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 Dave Killoran
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Complete Question Explanation
(The complete setup for this game can be found here: lsat/viewtopic.php?f=167&p=88139#p88139)

The correct answer choice is (C).

The question stem specifies that G is the second passenger to exit, and that L and S are the first two stops, not necessarily in that order:


Of course, if L and S are the first two stops, then F and M must be the last two stops, in some order. If M is third or fourth, then from the second rule we can infer that R cannot be first, and must be third or fourth. From the third rule J cannot be first, and so the only passenger who is available to exit first is V. With V exiting first, J and R must exit third and fourth, not necessarily in that order. Thus, without accounting entirely for the second and fourth rules, this is the current setup for this question:


While the actions of the second and fourth rules limit the number of solutions possible under the scenario above, the information thus far is sufficient to answer this question. Because S is the first or second stop, and R must exit third or fourth, answer choice (C) must be true and is correct.

The following hypothetical eliminates answer choices (A) and (D):


The following hypothetical eliminates answer choice (B):


The following hypothetical eliminates answer choice (E):

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Can you explain #22?

Thank you!
 Nicholas Bruno
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First, I would recommend that you read a prior post about the setup lsat/viewtopic.php?f=167&t=8582.

22) We know that G is not greater than S so J cannot be greater than F. We also know that G is second.

With G second, we know that L and S are the first two stops since G has to be on the bus at both stops. This leads us to know that R must be third or forth since it must not be before M. We know that J cannot be first (since V must come after it). This leaves only V for the first spot.

The diagram would look like:


A is wrong: V is not necessarily on the bus when the bus gets to S.
B is wrong: same as A
C: correct - we know R will be on the bus until S has passed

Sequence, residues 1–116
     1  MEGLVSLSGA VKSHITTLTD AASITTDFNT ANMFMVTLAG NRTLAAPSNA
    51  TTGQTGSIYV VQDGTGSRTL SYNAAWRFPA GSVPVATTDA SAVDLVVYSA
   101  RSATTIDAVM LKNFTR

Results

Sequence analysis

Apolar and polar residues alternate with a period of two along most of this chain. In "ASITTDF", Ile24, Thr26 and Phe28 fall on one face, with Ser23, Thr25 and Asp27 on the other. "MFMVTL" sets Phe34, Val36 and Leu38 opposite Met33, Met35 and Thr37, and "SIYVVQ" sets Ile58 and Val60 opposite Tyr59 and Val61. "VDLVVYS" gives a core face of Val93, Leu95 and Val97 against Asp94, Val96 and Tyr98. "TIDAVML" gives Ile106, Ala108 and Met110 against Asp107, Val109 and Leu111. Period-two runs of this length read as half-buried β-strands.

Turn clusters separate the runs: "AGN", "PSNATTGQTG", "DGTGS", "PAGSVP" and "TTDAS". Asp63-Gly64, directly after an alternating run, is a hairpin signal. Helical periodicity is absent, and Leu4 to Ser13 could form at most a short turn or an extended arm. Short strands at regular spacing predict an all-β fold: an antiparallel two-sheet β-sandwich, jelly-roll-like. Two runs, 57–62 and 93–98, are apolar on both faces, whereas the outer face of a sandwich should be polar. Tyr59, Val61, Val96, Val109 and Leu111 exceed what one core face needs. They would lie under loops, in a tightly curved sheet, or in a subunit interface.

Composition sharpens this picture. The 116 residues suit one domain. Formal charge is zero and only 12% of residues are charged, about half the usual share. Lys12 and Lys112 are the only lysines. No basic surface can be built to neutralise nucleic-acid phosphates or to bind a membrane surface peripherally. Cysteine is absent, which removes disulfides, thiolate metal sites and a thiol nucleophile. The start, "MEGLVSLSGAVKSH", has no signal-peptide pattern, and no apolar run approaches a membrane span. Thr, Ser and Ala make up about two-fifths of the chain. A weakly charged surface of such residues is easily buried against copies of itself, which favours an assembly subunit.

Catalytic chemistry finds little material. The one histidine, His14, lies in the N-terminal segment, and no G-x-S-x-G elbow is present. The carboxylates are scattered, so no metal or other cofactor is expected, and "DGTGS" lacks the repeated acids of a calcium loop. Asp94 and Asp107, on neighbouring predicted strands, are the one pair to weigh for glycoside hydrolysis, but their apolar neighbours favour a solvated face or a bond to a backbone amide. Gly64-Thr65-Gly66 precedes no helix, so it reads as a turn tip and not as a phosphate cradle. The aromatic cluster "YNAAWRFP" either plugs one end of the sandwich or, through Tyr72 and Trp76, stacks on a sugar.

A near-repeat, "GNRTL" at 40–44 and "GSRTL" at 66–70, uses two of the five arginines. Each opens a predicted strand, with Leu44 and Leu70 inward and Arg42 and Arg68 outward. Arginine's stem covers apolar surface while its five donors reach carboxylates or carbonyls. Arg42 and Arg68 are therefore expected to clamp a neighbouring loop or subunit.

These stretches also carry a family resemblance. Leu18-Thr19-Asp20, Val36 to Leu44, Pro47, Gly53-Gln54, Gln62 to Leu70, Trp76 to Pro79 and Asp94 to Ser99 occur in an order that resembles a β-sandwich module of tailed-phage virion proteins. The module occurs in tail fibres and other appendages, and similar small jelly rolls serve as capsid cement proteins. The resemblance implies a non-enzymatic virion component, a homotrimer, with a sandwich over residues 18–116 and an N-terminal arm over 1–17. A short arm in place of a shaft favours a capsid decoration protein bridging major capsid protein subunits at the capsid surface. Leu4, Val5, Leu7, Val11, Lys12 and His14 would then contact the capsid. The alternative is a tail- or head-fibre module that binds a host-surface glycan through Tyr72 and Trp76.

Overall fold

D: we do not know this - R could get off at M - with both at stop 3
E: same explanation as D.

Let me know if this helps you out!
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How did we set up the template in this game. I had a very poorly constructed template for this game and I couldn't solve #22. Could you explain what the best way to diagram this game would be?

 David Boyle
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One way to set it up:

la :arrow: 1,2 (or putting la/, /la over spaces 1, 2)
m :arrow: r still on board (though she could presumably get off at m)
v > j (v gets off before j)
f + j on board :dbl: s + g on board

For question 22, since la and s must be in the first two, if g gets off second, then m must be in space 3 or 4. So r must still be on board at s, since she has to get off later, at m or after. (Answer C)

Hope that helps,
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Makes perfect sense, thanks!
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Hi, this question was difficult for me, and I'm not sure I'm grasping the explanation. how do we know from the Stem that Greg is second? I also was not sure if this was a local or global question based on how it was worded. I ended up choosing B based on a previous hypothetical
 Adam Tyson
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The stem ends with this phrase, angelsfan0055: "assuming he (Greg) is the second one off the van?" That's how we know Greg is second in this question - the stem said to assume he was!

And that assumption, along with the earlier "if" phrase ("Which one of the following must be true if.. "), is what tells us that this is a local question. When the question creates new rules and restrictions that were not in the original rules, that's what makes it what we call "local." The restrictions set forth in the question stem apply only to this question, and they do not change the original rules.

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